Amateurs Amble Through Philosophy

The only thing more fun than reading Montaigne, it seems, is reading what others say about Montaigne. (1) His admirers pop up when and where one least expects.

For example, Sarah Bakewell’s 2010 book How to Live: Or A Life of Montaigne in One Question and Twenty Attempts at an Answer was a bestseller that probably took everyone, including Bakewell, by surprise.

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And over the Christmas break, I read Michael Perry’s 2017 Montaigne in Barn Boots: An Amateur Ambles Through Philosophy. Perry is a Wisconsin-based writer/musician/farmer/volunteer fireman/humorist and probably two or three more slash-somethings by now.

The Milwaukee Journal Sentinel’s review nicely recaps the book and highlights one of the best things about it: how Perry’s easy and personable approach so nicely matches Montaigne’s. Just as Montaigne took his instruction and sustenance from the ancient philosophers he read and quoted, so Perry draws from Montaigne’s life and essays some essential lessons for his own life. (2)

Perry the Humorist makes himself known often with anecdotes and memories, capping sentences and paragraphs with quips aimed at the back seats. I got a bit wary sometimes, recognizing when he was winding up for a pitch. But when Perry the Writer and Perry the Man wrestle with issues of weight — relationships with family and neighbors, responsibility, bodily and emotional pain, ego, leading a life of integrity along with the costs that that decision imposes — Perry’s own essays achieve a solidity and a quiet authority. Montaigne and Perry speak for themselves, and by doing so, give voice to many others. Both men are flawed; both are always trying to do better.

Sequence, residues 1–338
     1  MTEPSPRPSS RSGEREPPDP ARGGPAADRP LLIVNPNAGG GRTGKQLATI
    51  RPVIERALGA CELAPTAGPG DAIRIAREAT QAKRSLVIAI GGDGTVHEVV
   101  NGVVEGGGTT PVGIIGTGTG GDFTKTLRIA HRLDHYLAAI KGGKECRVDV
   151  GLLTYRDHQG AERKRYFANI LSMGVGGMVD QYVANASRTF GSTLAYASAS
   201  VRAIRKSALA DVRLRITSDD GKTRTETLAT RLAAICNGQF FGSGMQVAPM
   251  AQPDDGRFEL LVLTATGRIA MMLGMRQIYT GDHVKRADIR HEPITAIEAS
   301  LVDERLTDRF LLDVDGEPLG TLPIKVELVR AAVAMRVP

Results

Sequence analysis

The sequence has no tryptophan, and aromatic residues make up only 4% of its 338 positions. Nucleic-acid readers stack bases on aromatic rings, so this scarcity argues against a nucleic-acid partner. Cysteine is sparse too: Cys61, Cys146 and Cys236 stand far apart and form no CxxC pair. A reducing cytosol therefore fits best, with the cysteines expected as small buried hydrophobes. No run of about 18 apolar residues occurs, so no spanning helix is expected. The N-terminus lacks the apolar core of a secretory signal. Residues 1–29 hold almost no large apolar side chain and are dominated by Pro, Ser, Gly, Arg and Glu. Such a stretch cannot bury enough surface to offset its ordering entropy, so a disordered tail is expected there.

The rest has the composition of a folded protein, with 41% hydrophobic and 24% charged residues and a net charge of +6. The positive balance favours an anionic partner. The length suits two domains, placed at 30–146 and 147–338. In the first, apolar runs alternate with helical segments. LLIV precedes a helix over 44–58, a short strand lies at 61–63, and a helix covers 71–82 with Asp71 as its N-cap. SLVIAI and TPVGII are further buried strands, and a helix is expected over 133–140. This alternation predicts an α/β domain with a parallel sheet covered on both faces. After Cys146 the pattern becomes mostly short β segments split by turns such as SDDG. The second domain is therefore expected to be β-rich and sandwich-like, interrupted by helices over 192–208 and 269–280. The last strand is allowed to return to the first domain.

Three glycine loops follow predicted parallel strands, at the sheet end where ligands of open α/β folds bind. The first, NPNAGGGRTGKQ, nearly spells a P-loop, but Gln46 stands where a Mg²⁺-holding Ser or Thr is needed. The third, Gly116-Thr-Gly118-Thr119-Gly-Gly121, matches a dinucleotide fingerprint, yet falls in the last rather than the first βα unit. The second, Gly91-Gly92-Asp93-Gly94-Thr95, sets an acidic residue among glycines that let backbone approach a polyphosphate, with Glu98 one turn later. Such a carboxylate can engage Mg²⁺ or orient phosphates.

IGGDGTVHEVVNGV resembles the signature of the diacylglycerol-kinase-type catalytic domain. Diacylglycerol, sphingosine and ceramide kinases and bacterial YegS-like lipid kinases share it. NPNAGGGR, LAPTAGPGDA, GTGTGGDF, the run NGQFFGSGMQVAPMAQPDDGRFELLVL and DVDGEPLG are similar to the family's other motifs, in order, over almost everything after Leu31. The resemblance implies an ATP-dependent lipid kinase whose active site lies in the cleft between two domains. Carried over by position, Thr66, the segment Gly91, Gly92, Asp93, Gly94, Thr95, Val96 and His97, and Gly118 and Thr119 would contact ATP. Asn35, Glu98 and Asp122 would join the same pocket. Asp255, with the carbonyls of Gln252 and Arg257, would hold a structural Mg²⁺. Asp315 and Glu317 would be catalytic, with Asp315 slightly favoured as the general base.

Montaigne in Barn Boots is not a biography; Bakewell has done that. Perry’s book is something to me that is more interesting: an intelligent person riffing on a classic from the past to help him live better for the future, laid out for us in the style and manner of his personal patron saint. I loved it.

(1) Or what Montaigne says about himself. My own personal favorite Montaigne book is Marvin Lowenthal’s The Autobiography of Michel de Montaigne, which stitches together Montaigne’s writings from the essays, letters, and other documents, to create a chronological self-portrait that is sometimes more fun to read than the essays. Montaigne’s essays and the Tao te Ching would probably be my desert island books (but don’t ask me to pick only one translation!).

(2) And a shout-out to Perry’s bibliography of books, articles, web pages, and even Twitter feeds; I love finding out that Montaigne had a Twitter feed (@TheDailyTry, though it’s not been updated since January 2018). This is exactly the sort of motley collection of links and blog posts I love to collect when I do a deep-dive into online research. I’m looking forward to many happy hours of reading.